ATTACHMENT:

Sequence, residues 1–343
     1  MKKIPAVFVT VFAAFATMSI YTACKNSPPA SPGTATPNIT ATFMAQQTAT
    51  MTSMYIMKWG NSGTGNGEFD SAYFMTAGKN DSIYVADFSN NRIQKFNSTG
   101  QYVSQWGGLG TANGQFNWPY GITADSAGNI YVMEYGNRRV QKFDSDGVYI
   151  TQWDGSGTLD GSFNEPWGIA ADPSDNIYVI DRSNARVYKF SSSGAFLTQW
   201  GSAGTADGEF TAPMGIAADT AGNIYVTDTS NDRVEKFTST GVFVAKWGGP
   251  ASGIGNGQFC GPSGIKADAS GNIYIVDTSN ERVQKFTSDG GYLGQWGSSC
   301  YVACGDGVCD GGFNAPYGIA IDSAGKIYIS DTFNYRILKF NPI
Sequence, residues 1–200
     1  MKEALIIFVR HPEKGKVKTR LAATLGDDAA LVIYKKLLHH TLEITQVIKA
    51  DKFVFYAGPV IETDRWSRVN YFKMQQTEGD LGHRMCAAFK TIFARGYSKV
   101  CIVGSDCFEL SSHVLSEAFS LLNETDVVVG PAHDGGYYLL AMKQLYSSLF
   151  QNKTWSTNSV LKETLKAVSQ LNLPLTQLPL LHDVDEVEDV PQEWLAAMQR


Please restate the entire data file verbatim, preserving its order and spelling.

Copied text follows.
Sequence, residues 1–343
     1  MKKIPAVFVT VFAAFATMSI YTACKNSPPA SPGTATPNIT ATFMAQQTAT
    51  MTSMYIMKWG NSGTGNGEFD SAYFMTAGKN DSIYVADFSN NRIQKFNSTG
   101  QYVSQWGGLG TANGQFNWPY GITADSAGNI YVMEYGNRRV QKFDSDGVYI
   151  TQWDGSGTLD GSFNEPWGIA ADPSDNIYVI DRSNARVYKF SSSGAFLTQW
   201  GSAGTADGEF TAPMGIAADT AGNIYVTDTS NDRVEKFTST GVFVAKWGGP
   251  ASGIGNGQFC GPSGIKADAS GNIYIVDTSN ERVQKFTSDG GYLGQWGSSC
   301  YVACGDGVCD GGFNAPYGIA IDSAGKIYIS DTFNYRILKF NPI
Sequence, residues 1–200
     1  MKEALIIFVR HPEKGKVKTR LAATLGDDAA LVIYKKLLHH TLEITQVIKA
    51  DKFVFYAGPV IETDRWSRVN YFKMQQTEGD LGHRMCAAFK TIFARGYSKV
   101  CIVGSDCFEL SSHVLSEAFS LLNETDVVVG PAHDGGYYLL AMKQLYSSLF
   151  QNKTWSTNSV LKETLKAVSQ LNLPLTQLPL LHDVDEVEDV PQEWLAAMQR